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Scaling Up ICM and SDS-SEA in Indonesia

Jakarta, Indonesia — This year, Indonesia has made big steps toward implementing Integrated Coastal Management (ICM) under the framework of the Sustainable Development Strategy for the Seas of East Asia (SDS-SEA) that will help strike a good balance between environmental preservation and economic potential for the archipelagic nation's seas and coasts.

Indonesia's Ministry of Environment (MOE), with technical support from PEMSEA and the Center for Coastal and Marine Resources Studies of Bogor Agricultural University (PKSPL-IPB), successfully organized SDS-SEA workshops that engaged national agencies, local governments and other organizations involved in environmental, marine and coastal management. The workshops were able to take stock of existing ICM initiatives in the country and develop a framework of actions toward the development and implementation of a national ICM program.
On 13 March, a consultation workshop discussed the draft Five-Year SDS-SEA Implementation Plan for Indonesia, and highlighted its linkages with national and local development plans and targets, as well as with regional commitments and SDS-SEA targets. Dr. Luky Adrianto of PKSPL-IPB emphasized the need for a multisectoral coordination mechanism for the Implementation Plan and its importance as a platform for formulating and managing investments for marine and coastal management in terms of social, financial and human and technical resources.

Based on the Five-Year SDS-SEA Implementation Plan, the workshop discussed priority actions and potential locations for inclusion in the GEF/UNDP/PEMSEA Project on Scaling Up the Implementation of the SDS-SEA (2014–2019). Mr. Adrian Ross, Acting Executive Director and Chief Technical Officer of PEMSEA, discussed the development of the project framework for Indonesia.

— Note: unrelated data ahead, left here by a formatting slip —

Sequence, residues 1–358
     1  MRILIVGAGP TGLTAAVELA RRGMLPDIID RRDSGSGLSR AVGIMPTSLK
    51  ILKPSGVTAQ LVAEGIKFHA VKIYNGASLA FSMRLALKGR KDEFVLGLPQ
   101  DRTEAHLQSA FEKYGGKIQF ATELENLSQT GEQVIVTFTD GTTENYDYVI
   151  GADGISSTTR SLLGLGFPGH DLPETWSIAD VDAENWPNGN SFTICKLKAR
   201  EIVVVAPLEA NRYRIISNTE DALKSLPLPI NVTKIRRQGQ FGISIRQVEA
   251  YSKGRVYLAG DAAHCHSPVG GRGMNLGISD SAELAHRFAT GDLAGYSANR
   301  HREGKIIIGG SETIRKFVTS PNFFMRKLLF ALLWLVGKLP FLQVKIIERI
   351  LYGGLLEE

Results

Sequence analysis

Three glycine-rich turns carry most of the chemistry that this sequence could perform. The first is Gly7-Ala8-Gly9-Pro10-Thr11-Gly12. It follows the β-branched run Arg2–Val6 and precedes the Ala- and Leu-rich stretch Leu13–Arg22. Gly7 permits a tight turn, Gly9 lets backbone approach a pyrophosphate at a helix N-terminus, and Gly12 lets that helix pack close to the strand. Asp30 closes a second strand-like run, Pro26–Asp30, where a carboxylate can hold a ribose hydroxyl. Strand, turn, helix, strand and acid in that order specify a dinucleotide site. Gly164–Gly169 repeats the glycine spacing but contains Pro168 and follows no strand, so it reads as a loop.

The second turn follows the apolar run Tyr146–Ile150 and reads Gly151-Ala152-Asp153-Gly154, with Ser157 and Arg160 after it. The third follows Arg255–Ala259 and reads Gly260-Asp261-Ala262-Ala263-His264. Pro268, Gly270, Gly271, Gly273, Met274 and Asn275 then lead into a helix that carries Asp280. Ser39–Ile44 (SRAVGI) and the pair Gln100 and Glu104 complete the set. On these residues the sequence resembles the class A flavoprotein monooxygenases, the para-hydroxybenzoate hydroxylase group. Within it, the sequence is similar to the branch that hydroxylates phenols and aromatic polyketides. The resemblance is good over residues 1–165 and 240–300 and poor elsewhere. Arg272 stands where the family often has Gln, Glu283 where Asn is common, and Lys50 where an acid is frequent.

Mr. Nursiwan Taqim, Assistant Deputy for Marine and Coastal Degradation Control of the MOE, shared the following priority programs and areas for consideration in the above project:

The Rantai Emas Program, a coastal habitat rehabilitation project promoting livelihood improvement, with an emphasis on ICM by addressing relevant management aspects. The program involves strategies in mangrove rehabilitation, preservation, utilization and carbon calculation in 13 mangrove sites and 5 coral rehabilitation areas in East and Central Java. It also promotes community responsibility and benefits and corporate social responsibility.

State of the Coasts (SOC) reporting in 32 provinces using PEMSEA's SOC Guidebook translated in Bahasa. The MOE has also developed a website to serve as an online integrated information management system to enable local governments to update information for their respective SOCs online.

Priority ICM implementation sites in Bali Strait, Tomini Bay, Jakarta Bay and East Coast of Sumatra. The MOE provides policy and coordination support in preparing strategic plans and action programs for these sites, with a cross-cutting focus on local community empowerment.

Other participating agencies and local governments also shared their respective programs for consideration in the development of the SDS-SEA Scaling Up project.
On 3 June, a follow-up collaborative planning and consultation workshop was organized by MOE to further discuss the details of the SDS-SEA Scaling Up project and to develop a strategic framework of actions, outputs and expected outcomes for Indonesia. Participants from national agencies, provinces of Jakarta, Bali, Central Sulawesi, and Sukabumi Regency were able to identify priority locations for ICM scaling-up along with proposed focus areas for each location, and identify capacity and technical needs to address constraints, gaps and barriers in implementing the project.
The workshop also agreed on highly crucial targets and actions for Indonesia, including an ocean policy aligned with national policies and legislation; adoption of the Five-Year SDS-SEA Implementation Plan; SOC reports for local sites and a consolidated national SOC report; ICM scaling-up in existing ICM sites focusing on coastal tourism development in Sukabumi, pollution reduction in Jakarta Bay, water resources management and pollution reduction in Bali, and sustainable fisheries management in Tomini Bay; and establishment of other ICM learning sites addressing various issues, such as habitat protection and rehabilitation, ecosystem approach to fisheries, alternative and supplemental livelihood development, and climate change and disaster risk reduction.